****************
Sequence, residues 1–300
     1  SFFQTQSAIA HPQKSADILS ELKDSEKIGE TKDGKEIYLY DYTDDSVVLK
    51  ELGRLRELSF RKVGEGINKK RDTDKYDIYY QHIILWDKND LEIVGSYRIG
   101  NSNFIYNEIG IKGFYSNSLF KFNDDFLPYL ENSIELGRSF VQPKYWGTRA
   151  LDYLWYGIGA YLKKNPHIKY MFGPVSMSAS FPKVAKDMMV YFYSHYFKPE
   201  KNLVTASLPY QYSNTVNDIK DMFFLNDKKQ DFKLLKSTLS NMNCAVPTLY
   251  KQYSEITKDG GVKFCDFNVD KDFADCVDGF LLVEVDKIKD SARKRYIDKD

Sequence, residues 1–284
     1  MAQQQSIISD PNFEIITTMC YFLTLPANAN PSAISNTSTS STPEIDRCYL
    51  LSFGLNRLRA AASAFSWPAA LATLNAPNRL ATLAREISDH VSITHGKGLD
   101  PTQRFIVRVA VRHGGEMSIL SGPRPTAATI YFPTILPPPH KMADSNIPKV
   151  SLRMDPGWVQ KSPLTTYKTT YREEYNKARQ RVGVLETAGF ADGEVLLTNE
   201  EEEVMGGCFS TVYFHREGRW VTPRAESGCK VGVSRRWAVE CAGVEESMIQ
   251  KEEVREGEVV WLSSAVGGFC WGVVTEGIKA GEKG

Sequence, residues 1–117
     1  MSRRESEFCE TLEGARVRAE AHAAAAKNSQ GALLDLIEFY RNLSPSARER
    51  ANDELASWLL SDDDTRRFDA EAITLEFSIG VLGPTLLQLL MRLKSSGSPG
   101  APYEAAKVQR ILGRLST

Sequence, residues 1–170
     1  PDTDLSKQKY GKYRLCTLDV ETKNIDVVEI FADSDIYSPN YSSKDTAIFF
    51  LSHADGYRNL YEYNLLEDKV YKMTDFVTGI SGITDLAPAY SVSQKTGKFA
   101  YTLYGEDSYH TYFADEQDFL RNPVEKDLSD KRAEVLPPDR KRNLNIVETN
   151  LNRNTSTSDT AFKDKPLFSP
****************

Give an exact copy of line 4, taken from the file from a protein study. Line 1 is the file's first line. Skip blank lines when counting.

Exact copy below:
   101  NSNFIYNEIG IKGFYSNSLF KFNDDFLPYL ENSIELGRSF VQPKYWGTRA